To mitigate the negative impacts Cuban Treefrogs are having on Florida’s native wildlife, as well as their effects on our quality of life, I recommend that these invaders be captured and humanely euthanized. For tips on how to capture, identify, and humanely euthanize these frogs visit http://ufwildlife.ifas.ufl.edu/ and also read “The Cuban Treefrog in Florida. Report sightings of this species outside of the Florida peninsula to Dr. Steve A. Johnson, and within the peninsula report them on EDDmapS.

 

 

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Author: admin – webmaster@ifas.ufl.edu

admin

Permanent link to this article: http://franklin.ifas.ufl.edu/newsletters/2017/03/02/nisaw-2017-cuban-treefrog-invasive-invader-in-florida/

Keys to Growing Tomatoes in Florida

Keys to Growing Tomatoes in Florida

Florida farmers produce more fresh tomatoes than any other state. Yet Florida home gardeners find it difficult to grow tomatoes. By changing a few basic practices, home gardeners can increase their chances of success.

My philosophy of growing tomatoes in Florida (mixed with science) is outlined below.

First, I choose mostly determinate varieties that have resistance to key diseases.

Most gardeners are used to growing indeterminate varieties. Farmers mostly grow determinate types. Determinate varieties are more compact and produce most of their crop at one time. You can usually harvest all the fruit in two to five pickings and then pull up the plants. Indeterminate varieties, sometimes referred to as “everbearing” tomatoes, set fruit along a vine stem that continues to grow all season.

Correct variety selection is a must for success with tomatoes in Florida.

One reason home gardeners have a difficult time growing tomatoes in Florida is because of incorrect variety selection. Most popular (indeterminate) tomato varieties lack resistance to Tomato Spotted Wilt Virus (TSWV) and bacterial wilt. These two diseases wreak havoc in home as well as commercial plantings. Amelia, a determinate variety that has TSWV resistance, has started showing up in some retail outlets. For a list of other varieties to look for, consult this publication, “Tomatoes in the Florida Garden”.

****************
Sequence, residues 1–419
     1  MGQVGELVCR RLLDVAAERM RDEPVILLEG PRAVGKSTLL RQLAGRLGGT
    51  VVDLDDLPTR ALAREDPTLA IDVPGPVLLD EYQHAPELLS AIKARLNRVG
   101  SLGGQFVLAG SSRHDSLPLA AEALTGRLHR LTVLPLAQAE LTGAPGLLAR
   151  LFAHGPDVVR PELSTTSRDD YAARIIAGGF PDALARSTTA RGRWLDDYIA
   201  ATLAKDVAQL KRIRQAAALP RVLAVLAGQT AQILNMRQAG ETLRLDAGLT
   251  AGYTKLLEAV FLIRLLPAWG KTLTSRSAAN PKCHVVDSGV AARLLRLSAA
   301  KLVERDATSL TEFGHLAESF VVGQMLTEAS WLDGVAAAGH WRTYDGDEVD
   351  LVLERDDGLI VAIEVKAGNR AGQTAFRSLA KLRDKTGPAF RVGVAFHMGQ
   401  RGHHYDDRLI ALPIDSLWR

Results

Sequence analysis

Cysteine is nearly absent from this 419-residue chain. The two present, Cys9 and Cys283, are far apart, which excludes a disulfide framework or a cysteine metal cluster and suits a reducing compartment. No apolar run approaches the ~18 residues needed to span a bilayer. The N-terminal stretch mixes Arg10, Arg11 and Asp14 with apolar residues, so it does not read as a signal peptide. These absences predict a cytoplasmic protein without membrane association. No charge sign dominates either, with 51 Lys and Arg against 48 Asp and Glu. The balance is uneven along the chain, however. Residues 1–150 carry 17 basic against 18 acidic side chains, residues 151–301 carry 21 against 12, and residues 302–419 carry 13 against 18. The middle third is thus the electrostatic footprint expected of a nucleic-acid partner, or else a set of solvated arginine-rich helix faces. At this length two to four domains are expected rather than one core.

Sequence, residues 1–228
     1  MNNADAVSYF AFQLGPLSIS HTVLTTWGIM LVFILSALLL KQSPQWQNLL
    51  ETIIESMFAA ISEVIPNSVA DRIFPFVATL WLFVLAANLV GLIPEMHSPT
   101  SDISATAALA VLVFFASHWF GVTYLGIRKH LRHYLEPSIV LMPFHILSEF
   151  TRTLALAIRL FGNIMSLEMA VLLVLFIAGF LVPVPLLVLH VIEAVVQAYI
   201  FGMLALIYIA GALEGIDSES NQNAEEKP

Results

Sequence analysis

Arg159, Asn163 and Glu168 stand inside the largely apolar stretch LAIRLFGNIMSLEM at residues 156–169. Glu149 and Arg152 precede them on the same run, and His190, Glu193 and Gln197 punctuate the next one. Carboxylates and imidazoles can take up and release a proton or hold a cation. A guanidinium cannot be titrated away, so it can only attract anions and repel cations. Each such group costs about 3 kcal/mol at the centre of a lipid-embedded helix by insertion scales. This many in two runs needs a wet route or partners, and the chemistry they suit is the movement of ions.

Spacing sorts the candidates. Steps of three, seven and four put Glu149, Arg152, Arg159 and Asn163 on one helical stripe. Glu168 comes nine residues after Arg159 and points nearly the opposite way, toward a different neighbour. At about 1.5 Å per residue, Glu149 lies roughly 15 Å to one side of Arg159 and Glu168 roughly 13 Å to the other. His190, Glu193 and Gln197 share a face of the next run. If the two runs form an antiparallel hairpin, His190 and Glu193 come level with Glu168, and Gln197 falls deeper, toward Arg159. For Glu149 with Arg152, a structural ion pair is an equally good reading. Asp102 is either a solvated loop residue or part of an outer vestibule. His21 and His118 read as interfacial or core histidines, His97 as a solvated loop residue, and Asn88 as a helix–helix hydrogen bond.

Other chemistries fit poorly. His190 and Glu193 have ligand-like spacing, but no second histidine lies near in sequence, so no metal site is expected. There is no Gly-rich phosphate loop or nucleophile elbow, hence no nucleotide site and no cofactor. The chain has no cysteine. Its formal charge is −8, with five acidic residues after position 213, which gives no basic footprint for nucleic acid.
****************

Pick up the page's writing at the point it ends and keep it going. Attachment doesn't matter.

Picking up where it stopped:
Secondly, I plant reasonably early – usually after April 1 (maybe earlier this year due to warm late winter). Tomato plants grow best when temperatures exceed a specific base temperature for a certain number of days (referred to as heat units or degree days). Tomatoes are heat-loving plants that need a long warm growing period to grow from seed to fruit. Optimum fruit set occurs within a narrow night temperature range. Tomatoes produce the largest yields of highest quality fruits when day temperatures are in the range of 80 to 85ºF and when night temperatures remain above 62 but below 72ºF.

Thirdly, I fertilize to produce a healthy, sturdy plant when the plant is young. With the first open flowers, I reduce fertilization (particularly the nitrogen) to about half the original rate. When the first fruits are about two inches in diameter, I reduce fertilization a little more. Once I harvest the first tomatoes, I further reduce the fertilizer to about ¼ the original rate or completely quit fertilizing. Many home growers fertilize tomatoes too much. This results in a big green plant with few tomatoes. This reduction in fertilization is mainly important with the amount of nitrogen being applied. The plant still benefits from adequate potassium.